Emphysema is one of the conditions leading to C.O.P.D. It prevents adequate oxygen from reaching the blood. There is destruction of the small air sacs in the lungs with over-inflation of the lungs. This causes a loss of elasticity in the lungs, preventing gases from being exchanged properly. This in turn interferes with the levels of oxygen and carbon dioxide in the blood. Emphysema is nearly always caused by smoking and occurs most often in smokers over fifty years of age. There is no cure but careful management can improve symptoms and prolong life expectancy. Eventually the disease will progress to either right-sided heart failure or respiratory failure.

A different condition called pulmonary interstitial Emphysema can occur in newborn babies. The air leaks out through the alveoli into the surrounding space and affects babies with poor lung function such as those on mechanical ventilators, premature births and those with respiratory distress syndrome. The condition usually resolves over days or weeks.

The symptoms of Emphysema do not appear until at least one third of lung function has been compromised. The symptoms include shortness of breath, cough or wheeze, barrel-shaped chest due to over-inflation of the lungs, weight loss and little or no mucus produced when coughing.

The best way to prevent Emphysema is to stop smoking. Even those already with the condition will benefit from stopping. This is the only treatment known to reduce the rapid decline in lung function. The condition requires ongoing monitoring and treatment. The main aim of the treatment is to prevent chest infections and inflammation in the lungs. This can include antibiotics and anti-inflammatory drugs. As the condition progresses the patient may need an oxygen mask at home. The oxygen therapy is particularly necessary when sleeping as oxygen loss and hyperventilation is greater when lying down. The activity levels of sufferers may become increasingly restricted.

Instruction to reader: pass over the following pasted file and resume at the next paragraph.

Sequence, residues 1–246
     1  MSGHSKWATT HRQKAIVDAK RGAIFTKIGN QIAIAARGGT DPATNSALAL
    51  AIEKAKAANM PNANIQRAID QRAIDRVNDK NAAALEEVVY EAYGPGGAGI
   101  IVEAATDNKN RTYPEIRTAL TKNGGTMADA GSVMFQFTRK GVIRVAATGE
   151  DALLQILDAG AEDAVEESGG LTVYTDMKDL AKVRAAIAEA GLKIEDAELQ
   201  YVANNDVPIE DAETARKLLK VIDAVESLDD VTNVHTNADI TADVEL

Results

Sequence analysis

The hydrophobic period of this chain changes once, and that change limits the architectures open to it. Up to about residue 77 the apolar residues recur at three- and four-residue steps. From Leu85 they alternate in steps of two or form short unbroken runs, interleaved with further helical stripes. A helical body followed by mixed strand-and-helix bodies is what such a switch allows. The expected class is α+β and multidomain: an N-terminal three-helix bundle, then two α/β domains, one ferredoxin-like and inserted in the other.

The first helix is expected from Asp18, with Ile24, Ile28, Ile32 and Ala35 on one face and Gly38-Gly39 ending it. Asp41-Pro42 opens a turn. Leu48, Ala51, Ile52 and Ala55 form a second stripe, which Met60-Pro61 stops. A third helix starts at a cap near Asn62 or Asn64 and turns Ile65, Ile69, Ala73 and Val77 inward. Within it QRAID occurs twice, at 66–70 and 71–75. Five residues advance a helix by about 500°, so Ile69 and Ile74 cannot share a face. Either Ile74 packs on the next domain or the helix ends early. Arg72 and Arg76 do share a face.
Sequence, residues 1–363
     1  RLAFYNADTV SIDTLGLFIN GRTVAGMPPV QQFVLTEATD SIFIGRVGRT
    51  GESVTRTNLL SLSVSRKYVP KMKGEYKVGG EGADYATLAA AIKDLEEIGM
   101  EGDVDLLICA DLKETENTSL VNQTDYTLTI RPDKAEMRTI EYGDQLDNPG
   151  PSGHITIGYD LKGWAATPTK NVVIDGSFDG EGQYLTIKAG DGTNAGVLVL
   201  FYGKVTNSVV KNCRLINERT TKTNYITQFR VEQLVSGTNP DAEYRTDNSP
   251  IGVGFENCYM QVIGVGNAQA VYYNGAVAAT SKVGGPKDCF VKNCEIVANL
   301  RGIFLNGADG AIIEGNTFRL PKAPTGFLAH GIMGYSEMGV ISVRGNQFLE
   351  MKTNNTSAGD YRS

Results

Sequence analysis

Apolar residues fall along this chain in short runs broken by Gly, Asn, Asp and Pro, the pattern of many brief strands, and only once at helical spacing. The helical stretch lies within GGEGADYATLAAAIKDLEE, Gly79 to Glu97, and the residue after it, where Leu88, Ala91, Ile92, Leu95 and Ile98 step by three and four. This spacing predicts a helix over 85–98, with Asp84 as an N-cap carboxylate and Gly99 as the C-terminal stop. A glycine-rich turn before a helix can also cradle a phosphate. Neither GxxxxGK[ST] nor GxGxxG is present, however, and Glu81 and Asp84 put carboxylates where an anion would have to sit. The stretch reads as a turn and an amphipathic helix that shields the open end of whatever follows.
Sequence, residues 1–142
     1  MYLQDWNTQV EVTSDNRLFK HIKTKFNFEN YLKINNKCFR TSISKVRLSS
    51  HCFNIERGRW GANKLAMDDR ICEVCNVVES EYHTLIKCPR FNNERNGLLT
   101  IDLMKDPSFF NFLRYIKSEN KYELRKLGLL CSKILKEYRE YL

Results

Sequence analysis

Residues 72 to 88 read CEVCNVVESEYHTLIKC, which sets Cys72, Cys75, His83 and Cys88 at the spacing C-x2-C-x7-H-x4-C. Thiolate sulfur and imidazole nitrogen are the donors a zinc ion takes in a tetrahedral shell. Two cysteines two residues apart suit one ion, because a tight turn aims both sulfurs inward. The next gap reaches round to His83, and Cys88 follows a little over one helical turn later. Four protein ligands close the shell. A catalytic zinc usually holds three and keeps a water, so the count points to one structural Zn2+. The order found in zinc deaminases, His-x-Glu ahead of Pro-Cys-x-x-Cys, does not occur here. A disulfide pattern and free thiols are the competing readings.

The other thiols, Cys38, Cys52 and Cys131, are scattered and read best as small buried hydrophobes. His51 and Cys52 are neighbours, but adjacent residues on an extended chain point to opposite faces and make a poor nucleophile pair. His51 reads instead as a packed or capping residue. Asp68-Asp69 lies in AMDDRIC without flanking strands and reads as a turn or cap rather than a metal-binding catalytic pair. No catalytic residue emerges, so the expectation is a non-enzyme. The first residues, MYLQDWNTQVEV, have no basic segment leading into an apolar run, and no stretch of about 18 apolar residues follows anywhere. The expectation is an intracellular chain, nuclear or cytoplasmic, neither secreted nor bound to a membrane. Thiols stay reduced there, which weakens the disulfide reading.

Surgical treatment is rare but possible. Lung volume reduction surgery involves removing the damaged portions of the lung (usually about 20-30% of each lung) to improve oxygen exchange and elasticity. It is an option for severe cases in people under 75 years of age. Short-term results are good but temporary and lung function usually deteriorates again after two or three years. For this reason it is not often recommended. Total lung transplantation will restore the lung function to normal but the mortality rates following this surgery are high (50% in five years) and because of the shortage of donor organs, it is only considered in a very young patient.

Further information is available from the Irish Thoracic Society on its website:
July 2011 - Malaria
This is an infectious disease which is widespread in most tropical and sub-tropical areas.